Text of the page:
“If I had to choose between playing on the KLPGA Tour and continuing to win or going through a tough time on the LPGA Tour, I would choose the LPGA Tour again.”
‘Hot Six’ Lee Jeong-jeong (27), who has been on a long slump, has declared a resurgence. “I’m really hoping this will be the year of my resurgence,” said Lee, who recently returned to Korea to play in a domestic tournament.토토사이트
In accordance with the Korean Ladies Professional Golf Association (KLPGA) Tour guidelines, which require players with the same name to have a number after their name in order of entry, Lee’s tour registration is “Lee Jeong-6”. Kim Se-young, a senior golfer on the U.S. Women’s Professional Golf (LPGA) Tour, was in Korea for the tournament and was so impressed with Lee’s performance that she said, “She’s a ‘hot six’.” The name is a combination of ‘hot’, meaning hot, and ‘six’, meaning six. At the time, the energy drink “Hot Six” was all the rage, and it became Lee’s signature nickname.
True to her nickname, Lee won six tournaments in both the 2017 and 2018 seasons to become the KLPGA Tour’s money winner for the second consecutive year. She finished the LPGA Tour Qualifying Series at the top of the leaderboard at the end of 2018 and went on to win the 2019 U.S. Women’s Open.
Lee’s rise was interrupted by the COVID-19 pandemic in 2020. In 2021, she finished 13th on the money list ($1.08 million) but saved face with a runner-up finish at the Evian Championship. Last year, she dropped to 42nd on the money list ($700,000). While he’s still in the middle of the pack, he’s a far cry from the ‘hot six’ he used to be, especially as he’s made just six starts this year. She has also missed the cut in her last four tournaments. This is because her long, sharp iron shots have become dull. Last year, she ranked 102nd in greens in regulation (67.93 per cent), and this year she is 120th (70.09 per cent).
Lee attributed this to the fact that she trained alone without a coach for nearly three years while playing on the LPGA Tour. She started working on her swing two years ago and spent time fixing her backswing, and is now focusing on getting her timing right during downswing impact. “Even this year, even if I scored well in the first and second rounds, there were times when I faltered badly in one round because my swing wasn’t consistent and I wasn’t used to it yet,” he said. “It was mostly mental.” “Now, however, I have corrected 80% of my swing. However, he added that his swing is now 80 per cent corrected and he hopes to show his fans his ‘hot six’ soon.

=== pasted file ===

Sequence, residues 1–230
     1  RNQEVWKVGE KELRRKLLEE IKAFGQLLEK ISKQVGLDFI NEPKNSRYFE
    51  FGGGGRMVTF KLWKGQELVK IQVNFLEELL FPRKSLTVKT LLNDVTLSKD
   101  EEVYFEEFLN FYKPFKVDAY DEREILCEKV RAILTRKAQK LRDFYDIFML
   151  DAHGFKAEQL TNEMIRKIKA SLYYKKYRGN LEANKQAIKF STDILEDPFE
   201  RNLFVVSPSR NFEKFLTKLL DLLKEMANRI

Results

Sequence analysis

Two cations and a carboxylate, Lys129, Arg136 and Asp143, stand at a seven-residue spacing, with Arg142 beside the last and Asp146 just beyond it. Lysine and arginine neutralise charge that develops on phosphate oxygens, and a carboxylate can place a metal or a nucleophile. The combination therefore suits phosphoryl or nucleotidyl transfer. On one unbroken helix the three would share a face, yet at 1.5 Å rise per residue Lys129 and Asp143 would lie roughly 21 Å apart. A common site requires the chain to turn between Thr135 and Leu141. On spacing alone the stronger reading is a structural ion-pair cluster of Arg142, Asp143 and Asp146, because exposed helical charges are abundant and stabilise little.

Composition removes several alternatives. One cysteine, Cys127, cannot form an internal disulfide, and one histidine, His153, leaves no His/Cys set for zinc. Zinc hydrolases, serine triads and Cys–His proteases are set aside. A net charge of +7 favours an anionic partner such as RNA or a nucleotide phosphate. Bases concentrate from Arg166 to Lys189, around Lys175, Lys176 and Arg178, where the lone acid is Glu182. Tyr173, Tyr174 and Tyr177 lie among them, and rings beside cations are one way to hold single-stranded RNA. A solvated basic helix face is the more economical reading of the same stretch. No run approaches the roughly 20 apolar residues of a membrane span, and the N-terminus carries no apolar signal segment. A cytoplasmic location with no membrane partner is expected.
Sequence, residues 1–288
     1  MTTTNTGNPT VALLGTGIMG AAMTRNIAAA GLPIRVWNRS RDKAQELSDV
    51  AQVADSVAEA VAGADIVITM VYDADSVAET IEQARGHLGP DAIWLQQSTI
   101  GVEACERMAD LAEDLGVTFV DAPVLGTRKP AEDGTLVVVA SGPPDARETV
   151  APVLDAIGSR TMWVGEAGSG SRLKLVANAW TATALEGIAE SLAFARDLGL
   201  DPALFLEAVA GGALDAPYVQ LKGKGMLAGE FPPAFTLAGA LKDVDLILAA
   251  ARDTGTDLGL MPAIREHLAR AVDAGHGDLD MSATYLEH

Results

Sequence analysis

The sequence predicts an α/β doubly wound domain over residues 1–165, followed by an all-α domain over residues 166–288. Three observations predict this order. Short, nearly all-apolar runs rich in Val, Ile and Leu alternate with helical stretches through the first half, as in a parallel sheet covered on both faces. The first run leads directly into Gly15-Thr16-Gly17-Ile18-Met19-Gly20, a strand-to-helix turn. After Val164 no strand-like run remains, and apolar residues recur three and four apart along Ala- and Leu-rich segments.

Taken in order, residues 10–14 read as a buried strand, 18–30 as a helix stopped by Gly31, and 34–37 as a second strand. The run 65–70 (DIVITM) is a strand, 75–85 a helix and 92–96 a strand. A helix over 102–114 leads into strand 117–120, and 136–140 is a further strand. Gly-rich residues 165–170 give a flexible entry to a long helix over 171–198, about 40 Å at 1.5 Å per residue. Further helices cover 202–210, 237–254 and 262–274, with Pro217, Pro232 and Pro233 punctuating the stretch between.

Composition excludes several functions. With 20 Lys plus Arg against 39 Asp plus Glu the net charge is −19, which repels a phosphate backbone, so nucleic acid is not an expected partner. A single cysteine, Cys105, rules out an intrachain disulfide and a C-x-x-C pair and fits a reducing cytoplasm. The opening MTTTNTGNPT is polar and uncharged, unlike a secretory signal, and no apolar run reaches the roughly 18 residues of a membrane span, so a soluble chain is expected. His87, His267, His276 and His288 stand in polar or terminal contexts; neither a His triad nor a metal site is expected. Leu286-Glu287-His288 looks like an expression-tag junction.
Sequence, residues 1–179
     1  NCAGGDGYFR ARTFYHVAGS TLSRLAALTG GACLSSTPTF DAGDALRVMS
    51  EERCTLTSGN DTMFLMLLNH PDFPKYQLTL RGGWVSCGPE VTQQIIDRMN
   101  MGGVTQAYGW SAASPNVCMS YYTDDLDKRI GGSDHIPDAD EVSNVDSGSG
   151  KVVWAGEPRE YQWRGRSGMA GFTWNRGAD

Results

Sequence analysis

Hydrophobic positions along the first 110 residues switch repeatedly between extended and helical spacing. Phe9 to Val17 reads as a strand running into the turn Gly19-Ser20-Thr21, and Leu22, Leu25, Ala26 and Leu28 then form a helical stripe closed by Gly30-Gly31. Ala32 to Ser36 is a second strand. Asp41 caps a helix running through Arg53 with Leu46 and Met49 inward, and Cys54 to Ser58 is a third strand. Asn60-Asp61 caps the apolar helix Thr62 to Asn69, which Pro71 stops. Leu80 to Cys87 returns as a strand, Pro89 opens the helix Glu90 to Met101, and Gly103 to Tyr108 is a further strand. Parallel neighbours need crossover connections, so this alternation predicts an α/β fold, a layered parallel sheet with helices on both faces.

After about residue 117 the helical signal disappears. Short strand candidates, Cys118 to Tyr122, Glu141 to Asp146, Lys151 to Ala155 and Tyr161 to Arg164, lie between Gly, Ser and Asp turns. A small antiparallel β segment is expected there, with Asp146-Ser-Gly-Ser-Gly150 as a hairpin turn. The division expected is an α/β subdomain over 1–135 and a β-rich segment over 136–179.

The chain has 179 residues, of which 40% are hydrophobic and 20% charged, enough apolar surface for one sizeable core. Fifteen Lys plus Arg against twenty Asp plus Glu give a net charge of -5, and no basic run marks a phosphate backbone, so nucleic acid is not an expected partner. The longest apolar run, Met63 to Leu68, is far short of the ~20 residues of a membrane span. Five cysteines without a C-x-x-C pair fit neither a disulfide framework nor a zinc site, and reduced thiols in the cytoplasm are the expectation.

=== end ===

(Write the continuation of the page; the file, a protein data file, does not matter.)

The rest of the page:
“It’s true that this is a tough time, but I’m learning the most in my life,” Lee admitted. “I miss the days on the KLPGA Tour when I was hitting the ball perfectly, but I’m happy with my life on the LPGA Tour,” she said. “There are so many new things to see and learn while travelling overseas, such as the different courses and the atmosphere of playing with LPGA Tour players. I guess you could say it broadened my perspective.”
“Hopefully, this will be the year I win,” he said. He also vowed to improve his world ranking as much as possible to qualify for the 2024 Paris Olympics after narrowly missing out on a spot at Tokyo 2020.
Lee will look to bounce back from a poor run of form in her last four tournaments when she competes in the LPGA Tour’s Bank of Hope Match Play ($1.5 million purse), which begins on 25 September at Shadow Creek Golf Course (Par 72) in Las Vegas, Nevada, USA. He faced Sophia Schwartz (USA) on the first day of the group stage and led by two holes going into the 16th before dropping two in the final two holes to draw. She will look to win her remaining two group matches in straight sets to advance to the round of 16.
Elsewhere on the day, defending champion Ji Hee Lee (37) defeated Matilda Kastren (FIN) by three holes with two to play, while Ji-Eun Shin (31) won by three over Anna Lin (27). Kim Se-young (30), Hae-ran Hae (21) and Kim Ah-rim (28) suffered consecutive defeats.